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Will heirs' relationships survive the probate process?

Regardless of how well thought out and executed an estate plan is, things can go awry after the Washington, DC, resident passes away. Many times during the probate process, heirs and beneficiaries find themselves at odds over what they either did or did not inherit from a loved one. Sometimes, the relationships are never repaired.

The question then becomes how to eliminate -- or at least reduce -- the number of conflicts among heirs and beneficiaries. Every Washington, DC, resident has his or her own reasons for how his or her estate plan is structured, and it may help family members to understand those reasons. Even if they do not agree with an individual's reasoning, at least they are aware of it and it will not be a shock later.

Heirs and beneficiaries tend to equate the amount of an inheritance -- or the absence of one -- with the value their deceased family member put on the relationship. This may be true in some instances, but in other cases, it has more to do with being fair than they may realize. For instance, one heir's graduate school was paid for by the loved one. In order for things to be "fair," that heir will receive less of an inheritance than those who did not receive that kind of help during life.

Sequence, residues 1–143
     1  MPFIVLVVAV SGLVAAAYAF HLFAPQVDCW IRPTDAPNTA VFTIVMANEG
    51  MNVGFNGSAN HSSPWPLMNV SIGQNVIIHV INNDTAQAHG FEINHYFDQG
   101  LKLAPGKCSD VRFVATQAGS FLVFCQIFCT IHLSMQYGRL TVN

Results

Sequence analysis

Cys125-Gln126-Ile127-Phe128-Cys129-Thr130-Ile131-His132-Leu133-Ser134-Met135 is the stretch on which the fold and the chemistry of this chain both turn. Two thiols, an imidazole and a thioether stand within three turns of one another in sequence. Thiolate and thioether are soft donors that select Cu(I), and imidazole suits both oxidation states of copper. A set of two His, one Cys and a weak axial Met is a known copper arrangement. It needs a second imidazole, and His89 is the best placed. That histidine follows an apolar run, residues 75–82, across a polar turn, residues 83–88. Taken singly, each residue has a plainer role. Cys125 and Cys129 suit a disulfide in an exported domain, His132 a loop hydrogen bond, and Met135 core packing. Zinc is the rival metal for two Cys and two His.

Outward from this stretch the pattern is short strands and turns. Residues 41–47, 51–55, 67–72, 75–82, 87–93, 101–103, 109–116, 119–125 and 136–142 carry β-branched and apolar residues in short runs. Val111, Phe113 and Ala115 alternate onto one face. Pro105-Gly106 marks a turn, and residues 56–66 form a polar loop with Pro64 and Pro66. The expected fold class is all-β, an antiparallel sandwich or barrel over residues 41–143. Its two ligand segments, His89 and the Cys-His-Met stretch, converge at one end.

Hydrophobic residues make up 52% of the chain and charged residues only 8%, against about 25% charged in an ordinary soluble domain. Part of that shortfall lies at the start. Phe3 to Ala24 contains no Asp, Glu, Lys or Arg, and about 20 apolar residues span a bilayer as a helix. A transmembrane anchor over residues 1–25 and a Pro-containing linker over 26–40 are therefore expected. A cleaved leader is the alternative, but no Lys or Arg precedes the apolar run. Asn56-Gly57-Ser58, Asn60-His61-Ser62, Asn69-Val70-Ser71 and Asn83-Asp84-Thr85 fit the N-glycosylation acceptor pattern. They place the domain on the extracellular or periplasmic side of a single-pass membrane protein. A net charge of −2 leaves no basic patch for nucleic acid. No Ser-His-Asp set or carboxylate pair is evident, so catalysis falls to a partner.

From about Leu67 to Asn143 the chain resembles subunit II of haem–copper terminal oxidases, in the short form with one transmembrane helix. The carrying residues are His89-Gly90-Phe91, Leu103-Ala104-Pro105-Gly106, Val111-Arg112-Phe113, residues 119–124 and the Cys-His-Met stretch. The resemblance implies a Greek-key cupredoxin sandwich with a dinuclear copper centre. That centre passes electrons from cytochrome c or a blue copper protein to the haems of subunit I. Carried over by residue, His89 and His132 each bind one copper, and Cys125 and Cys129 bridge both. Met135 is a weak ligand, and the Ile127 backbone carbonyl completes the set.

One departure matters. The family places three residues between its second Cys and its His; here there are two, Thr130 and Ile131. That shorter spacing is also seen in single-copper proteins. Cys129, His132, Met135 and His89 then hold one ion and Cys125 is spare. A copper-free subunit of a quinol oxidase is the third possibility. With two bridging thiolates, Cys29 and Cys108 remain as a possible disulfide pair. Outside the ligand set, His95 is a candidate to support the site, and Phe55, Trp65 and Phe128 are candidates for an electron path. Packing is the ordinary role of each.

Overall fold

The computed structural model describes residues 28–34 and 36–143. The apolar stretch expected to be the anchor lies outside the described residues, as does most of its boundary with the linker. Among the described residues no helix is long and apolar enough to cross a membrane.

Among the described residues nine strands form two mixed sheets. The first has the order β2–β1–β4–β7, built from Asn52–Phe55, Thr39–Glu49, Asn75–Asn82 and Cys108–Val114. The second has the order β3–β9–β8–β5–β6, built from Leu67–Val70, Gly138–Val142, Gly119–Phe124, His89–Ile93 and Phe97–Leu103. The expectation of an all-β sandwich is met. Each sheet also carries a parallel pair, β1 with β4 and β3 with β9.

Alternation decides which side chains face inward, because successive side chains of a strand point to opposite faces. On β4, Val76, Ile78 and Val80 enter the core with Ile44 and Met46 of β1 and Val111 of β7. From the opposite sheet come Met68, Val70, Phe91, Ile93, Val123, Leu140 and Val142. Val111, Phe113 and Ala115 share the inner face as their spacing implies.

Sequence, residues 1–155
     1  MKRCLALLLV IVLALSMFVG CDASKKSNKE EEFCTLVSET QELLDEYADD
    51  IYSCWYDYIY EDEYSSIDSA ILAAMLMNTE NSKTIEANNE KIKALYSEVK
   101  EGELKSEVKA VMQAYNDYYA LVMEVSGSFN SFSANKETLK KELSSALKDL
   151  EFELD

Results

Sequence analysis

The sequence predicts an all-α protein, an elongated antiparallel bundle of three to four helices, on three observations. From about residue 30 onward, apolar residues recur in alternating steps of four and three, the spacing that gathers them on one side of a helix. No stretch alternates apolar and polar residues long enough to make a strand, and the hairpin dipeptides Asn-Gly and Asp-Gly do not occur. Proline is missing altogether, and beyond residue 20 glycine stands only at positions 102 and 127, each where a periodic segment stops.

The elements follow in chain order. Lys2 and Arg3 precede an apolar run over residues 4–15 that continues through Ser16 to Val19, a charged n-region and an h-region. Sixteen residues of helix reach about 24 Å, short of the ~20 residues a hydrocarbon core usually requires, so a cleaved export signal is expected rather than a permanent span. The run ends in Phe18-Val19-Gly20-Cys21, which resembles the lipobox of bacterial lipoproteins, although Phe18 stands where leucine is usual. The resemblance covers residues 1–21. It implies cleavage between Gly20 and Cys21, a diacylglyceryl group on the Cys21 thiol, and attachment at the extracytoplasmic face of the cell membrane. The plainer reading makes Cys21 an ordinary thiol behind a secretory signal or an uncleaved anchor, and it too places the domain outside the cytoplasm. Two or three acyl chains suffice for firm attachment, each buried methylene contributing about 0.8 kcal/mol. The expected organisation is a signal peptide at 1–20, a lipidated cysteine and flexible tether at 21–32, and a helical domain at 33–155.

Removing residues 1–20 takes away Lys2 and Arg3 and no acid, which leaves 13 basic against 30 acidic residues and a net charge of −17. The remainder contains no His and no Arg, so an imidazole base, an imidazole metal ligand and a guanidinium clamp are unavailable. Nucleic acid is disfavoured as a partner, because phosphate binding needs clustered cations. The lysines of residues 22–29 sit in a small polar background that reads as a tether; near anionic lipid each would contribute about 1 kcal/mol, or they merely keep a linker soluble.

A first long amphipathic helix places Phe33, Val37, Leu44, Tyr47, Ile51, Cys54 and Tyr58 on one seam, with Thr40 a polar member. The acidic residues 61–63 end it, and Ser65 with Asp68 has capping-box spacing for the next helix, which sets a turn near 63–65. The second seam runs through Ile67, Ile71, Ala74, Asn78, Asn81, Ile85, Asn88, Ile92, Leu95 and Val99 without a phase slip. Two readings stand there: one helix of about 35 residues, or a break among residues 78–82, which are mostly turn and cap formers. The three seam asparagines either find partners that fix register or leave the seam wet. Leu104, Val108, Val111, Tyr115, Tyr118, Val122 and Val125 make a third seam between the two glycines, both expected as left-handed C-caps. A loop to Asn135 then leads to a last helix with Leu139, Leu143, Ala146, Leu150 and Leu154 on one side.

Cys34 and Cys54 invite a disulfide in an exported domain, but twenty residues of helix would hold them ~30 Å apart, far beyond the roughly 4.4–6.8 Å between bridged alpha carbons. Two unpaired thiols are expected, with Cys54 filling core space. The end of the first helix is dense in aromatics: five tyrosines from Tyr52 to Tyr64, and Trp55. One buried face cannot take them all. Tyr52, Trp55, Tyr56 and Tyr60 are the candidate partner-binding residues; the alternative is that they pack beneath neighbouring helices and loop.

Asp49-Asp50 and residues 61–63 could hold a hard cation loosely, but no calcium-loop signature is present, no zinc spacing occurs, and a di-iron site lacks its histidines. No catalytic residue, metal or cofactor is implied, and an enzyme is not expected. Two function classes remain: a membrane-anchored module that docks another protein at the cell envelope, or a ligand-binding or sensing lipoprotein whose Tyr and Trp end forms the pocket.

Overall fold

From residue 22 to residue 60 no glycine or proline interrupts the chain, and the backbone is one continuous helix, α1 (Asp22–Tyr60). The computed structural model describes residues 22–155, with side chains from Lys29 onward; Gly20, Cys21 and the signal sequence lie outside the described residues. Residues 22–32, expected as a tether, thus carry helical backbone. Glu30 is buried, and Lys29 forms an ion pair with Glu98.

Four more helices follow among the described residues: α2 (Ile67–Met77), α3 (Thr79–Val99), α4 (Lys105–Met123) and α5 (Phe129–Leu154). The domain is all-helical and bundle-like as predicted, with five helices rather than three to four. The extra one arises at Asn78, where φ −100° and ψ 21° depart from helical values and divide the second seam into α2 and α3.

Of course, a person's motivations for dividing up his or her estate are none of anyone's business. However, if heirs have some knowledge of the thought process, the probate process could go much more smoothly. Moreover, it could avoid any potential rifts that could develop between family members.

Source: Forbes, "How To Make Sure Your Children Keep Speaking To Each Other After You Die", Mark Eghrari, June 4, 2014

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